• Avoid disclosing geo-location data to public online sites while doing work activities. Third-party mobile device applications (“apps”) may invite you to “check in” or otherwise post or disclose your exact physical location.  The physical location could reveal confidential information about customers or business activities, which could cause a problem. 
  • Turn off online location reporting tools and apps on mobile devices, and turn them on only when location needs, or could be beneficial, to be known by others.  

Photos and videos

Some good guidelines to follow when using mobile devices, including wearables such as Google Glass or iWatch:

  • Do not take photos or vides of anything containing personal information and send through public networks, or store on the device, without first encrypting them.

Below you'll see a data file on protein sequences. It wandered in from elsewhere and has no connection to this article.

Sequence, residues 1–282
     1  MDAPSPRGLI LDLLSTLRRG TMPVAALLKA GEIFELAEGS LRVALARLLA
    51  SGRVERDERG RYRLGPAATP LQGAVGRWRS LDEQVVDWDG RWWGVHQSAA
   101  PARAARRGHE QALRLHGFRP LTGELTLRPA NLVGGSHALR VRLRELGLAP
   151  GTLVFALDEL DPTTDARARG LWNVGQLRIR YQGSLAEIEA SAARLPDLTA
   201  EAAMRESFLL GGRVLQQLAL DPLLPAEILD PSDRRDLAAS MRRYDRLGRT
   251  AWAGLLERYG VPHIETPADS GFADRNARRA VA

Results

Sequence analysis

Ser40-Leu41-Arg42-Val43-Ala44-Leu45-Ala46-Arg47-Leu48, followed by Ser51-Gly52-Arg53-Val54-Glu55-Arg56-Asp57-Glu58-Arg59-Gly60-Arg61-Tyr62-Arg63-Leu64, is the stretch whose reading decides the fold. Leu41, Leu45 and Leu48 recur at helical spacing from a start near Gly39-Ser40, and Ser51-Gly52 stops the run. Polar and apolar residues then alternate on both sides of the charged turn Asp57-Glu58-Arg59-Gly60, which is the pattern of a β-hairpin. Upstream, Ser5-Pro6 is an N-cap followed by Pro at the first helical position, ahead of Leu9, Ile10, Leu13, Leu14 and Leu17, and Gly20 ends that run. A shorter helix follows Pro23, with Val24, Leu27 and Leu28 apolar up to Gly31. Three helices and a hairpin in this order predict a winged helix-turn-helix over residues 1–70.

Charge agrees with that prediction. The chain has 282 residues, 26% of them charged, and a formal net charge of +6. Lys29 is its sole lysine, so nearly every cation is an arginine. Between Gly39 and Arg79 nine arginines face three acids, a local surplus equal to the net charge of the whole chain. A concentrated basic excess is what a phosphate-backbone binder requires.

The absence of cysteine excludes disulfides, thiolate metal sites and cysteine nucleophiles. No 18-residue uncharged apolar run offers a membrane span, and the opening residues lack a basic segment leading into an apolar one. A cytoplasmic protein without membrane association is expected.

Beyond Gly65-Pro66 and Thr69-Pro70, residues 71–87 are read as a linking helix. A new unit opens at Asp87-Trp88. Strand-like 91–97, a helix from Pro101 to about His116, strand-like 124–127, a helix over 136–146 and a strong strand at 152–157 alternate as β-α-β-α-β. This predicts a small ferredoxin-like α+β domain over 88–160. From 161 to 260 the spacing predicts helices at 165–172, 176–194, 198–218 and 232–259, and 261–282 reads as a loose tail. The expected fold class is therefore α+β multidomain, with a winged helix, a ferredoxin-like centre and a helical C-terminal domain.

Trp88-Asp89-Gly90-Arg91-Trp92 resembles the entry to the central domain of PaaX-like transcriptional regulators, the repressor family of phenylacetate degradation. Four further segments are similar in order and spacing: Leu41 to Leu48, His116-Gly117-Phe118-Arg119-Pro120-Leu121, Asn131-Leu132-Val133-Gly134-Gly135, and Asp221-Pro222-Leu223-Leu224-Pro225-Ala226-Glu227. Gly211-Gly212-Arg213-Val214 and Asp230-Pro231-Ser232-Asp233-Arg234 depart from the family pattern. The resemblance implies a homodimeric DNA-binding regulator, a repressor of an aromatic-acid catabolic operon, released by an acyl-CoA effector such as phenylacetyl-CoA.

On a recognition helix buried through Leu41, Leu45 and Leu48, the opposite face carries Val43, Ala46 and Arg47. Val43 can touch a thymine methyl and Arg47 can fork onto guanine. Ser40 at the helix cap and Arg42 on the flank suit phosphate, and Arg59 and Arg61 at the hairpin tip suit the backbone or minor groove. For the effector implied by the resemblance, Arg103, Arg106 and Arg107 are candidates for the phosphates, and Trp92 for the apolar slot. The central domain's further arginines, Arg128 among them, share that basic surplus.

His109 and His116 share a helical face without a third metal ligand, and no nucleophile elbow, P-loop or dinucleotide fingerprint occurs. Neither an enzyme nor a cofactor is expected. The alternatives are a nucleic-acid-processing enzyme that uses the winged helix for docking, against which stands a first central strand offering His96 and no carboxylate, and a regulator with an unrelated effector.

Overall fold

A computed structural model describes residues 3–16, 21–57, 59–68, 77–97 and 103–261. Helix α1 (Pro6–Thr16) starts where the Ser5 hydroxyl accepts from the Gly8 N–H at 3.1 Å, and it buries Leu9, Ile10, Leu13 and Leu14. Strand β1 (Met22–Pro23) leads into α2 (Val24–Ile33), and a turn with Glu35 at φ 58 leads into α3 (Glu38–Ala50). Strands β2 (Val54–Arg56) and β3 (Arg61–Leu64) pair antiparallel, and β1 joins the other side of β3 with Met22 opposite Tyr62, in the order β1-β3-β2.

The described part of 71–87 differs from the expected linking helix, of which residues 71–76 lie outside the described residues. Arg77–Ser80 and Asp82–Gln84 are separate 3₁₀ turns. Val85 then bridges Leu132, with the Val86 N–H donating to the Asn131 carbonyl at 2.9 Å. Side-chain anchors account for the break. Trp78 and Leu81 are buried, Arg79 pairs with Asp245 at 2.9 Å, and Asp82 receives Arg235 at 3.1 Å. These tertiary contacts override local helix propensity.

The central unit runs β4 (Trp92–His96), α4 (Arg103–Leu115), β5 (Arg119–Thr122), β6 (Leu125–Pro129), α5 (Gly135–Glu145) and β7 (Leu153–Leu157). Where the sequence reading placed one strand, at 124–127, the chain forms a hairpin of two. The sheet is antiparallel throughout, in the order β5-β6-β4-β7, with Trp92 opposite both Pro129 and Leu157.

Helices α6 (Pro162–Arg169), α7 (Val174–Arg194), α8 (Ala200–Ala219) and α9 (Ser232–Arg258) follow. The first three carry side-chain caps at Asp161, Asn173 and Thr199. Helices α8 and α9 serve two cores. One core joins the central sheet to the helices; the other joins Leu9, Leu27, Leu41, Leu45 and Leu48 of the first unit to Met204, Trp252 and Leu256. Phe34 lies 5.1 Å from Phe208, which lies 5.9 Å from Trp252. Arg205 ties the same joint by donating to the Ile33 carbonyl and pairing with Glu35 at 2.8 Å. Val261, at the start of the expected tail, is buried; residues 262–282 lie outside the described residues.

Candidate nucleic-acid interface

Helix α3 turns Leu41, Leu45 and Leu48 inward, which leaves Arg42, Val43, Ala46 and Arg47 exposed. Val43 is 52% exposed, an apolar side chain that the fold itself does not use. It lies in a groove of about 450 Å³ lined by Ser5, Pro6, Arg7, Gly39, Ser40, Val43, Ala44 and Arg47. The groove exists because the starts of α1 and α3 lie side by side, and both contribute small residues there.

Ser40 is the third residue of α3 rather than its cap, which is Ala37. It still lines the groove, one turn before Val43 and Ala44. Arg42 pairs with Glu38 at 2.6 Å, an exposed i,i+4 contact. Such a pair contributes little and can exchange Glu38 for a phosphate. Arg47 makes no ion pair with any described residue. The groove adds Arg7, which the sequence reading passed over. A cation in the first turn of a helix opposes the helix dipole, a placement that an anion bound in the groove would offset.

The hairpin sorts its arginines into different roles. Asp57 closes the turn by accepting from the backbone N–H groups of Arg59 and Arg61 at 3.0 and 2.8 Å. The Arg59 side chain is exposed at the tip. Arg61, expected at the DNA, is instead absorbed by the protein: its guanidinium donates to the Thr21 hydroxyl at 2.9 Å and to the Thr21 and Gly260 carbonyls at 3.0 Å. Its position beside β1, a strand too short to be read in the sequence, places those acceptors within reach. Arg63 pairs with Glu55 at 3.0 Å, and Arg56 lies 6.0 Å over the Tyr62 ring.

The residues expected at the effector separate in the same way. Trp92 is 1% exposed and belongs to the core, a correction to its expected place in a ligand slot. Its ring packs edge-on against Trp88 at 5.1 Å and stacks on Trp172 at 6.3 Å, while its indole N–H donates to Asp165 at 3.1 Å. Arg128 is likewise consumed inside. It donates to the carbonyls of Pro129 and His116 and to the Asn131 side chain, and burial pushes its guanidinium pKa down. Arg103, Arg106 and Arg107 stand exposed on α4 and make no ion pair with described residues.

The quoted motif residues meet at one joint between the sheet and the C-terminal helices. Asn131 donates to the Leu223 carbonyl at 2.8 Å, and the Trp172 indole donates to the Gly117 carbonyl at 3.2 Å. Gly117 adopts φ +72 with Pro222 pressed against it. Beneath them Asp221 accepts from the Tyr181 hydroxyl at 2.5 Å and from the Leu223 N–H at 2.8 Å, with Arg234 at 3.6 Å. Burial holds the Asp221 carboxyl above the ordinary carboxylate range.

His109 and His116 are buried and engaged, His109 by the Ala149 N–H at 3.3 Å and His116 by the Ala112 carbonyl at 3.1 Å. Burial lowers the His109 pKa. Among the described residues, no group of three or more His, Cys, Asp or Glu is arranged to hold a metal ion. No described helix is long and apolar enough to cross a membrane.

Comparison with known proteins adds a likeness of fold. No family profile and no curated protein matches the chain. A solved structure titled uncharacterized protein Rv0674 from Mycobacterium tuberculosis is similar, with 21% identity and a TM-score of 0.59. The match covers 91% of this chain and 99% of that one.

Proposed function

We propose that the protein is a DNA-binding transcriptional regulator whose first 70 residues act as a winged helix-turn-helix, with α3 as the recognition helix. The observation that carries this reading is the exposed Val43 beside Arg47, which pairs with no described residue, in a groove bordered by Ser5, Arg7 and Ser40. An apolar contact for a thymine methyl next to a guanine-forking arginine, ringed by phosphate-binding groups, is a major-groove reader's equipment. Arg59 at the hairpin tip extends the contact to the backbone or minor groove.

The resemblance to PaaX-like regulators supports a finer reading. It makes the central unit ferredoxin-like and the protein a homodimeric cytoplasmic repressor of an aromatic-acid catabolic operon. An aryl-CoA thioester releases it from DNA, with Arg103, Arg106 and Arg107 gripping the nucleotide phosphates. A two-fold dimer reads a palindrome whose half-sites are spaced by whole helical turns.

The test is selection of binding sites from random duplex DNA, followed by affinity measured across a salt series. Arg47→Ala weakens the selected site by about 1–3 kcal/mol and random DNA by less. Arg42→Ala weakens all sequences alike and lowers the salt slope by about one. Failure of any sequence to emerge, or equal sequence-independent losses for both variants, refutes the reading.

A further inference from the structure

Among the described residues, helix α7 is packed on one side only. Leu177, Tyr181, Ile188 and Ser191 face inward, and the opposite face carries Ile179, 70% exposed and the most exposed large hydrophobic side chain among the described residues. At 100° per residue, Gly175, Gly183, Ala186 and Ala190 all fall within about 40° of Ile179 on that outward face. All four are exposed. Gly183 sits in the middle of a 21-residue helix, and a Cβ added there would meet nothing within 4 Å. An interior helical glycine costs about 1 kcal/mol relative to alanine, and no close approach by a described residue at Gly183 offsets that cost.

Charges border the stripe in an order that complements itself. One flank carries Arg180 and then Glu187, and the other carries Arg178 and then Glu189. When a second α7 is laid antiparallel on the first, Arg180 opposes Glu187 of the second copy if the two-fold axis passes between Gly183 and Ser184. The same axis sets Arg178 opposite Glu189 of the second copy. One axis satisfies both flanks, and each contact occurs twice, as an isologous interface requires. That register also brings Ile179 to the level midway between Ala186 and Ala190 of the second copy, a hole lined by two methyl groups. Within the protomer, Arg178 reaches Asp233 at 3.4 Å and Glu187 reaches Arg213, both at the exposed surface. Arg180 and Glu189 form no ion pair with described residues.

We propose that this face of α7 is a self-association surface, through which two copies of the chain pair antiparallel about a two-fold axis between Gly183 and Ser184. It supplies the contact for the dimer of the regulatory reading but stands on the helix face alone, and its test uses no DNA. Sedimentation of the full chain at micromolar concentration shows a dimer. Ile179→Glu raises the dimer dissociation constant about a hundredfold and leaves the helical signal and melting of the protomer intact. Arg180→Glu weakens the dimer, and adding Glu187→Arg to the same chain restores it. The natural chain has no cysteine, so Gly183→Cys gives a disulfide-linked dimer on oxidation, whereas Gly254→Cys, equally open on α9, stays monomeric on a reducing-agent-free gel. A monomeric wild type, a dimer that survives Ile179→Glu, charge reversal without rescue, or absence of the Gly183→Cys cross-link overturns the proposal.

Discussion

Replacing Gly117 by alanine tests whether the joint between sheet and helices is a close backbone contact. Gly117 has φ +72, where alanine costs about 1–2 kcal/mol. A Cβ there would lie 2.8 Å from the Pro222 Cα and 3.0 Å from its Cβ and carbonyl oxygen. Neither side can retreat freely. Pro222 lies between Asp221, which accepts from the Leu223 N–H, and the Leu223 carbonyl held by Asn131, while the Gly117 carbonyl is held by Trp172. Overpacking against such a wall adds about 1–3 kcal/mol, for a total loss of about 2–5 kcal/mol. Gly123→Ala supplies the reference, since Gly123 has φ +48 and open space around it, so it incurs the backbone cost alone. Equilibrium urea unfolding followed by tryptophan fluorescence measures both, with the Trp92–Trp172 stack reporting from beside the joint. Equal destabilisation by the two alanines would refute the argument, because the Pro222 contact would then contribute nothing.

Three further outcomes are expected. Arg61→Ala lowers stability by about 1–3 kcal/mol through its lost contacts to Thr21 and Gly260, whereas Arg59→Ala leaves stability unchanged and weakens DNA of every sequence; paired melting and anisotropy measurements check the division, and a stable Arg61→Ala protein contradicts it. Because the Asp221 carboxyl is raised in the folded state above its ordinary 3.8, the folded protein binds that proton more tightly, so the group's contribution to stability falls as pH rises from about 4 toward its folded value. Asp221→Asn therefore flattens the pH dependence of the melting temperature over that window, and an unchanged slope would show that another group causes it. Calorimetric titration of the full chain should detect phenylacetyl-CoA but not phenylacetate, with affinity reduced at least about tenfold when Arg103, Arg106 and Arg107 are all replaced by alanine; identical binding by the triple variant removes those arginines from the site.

• Do not take photos or videos of any personal information within work areas, or while doing work activities.
  • Do not take a photo or video of any sensitive activities, such as surgical procedures, without written authorization from the facility and patient.
  • Do not post any photos or videos that include personal information obtained while doing work activities to Facebook, Instagram, or any internal or any other social media sites.

 Data retention

  • Do not retain data, videos or photos that include personal information on mobile devices for any longer than necessary to support the purposes for which they were collected.
  • Irreversibly remove all personal information from mobile computing devices prior to disposing of them, or giving them to others to use.

 Unauthorized users

  • Do not allow others, such as family members or friends, to borrow, use or inspect mobile devices that are used for business purposes.
  • Maintain possession and control of mobile computing devices to avoid loss and theft.

Wearable computing devices